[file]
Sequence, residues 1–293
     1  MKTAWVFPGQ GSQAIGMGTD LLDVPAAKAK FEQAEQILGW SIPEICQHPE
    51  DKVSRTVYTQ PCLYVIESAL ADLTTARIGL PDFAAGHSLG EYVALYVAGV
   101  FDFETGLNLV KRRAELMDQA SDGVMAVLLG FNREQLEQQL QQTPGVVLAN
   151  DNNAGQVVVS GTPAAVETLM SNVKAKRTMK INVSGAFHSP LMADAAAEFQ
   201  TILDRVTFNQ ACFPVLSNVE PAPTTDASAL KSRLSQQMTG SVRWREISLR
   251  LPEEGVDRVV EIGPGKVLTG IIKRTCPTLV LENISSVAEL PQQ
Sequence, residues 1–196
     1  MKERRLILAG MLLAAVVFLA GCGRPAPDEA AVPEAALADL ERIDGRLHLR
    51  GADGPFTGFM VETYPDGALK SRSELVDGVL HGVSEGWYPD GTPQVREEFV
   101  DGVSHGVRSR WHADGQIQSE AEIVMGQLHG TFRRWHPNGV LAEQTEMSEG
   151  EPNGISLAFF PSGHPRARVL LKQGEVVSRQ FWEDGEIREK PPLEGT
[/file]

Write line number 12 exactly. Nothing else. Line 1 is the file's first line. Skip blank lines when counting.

   151  EPNGISLAFF PSGHPRARVL LKQGEVVSRQ FWEDGEIREK PPLEGT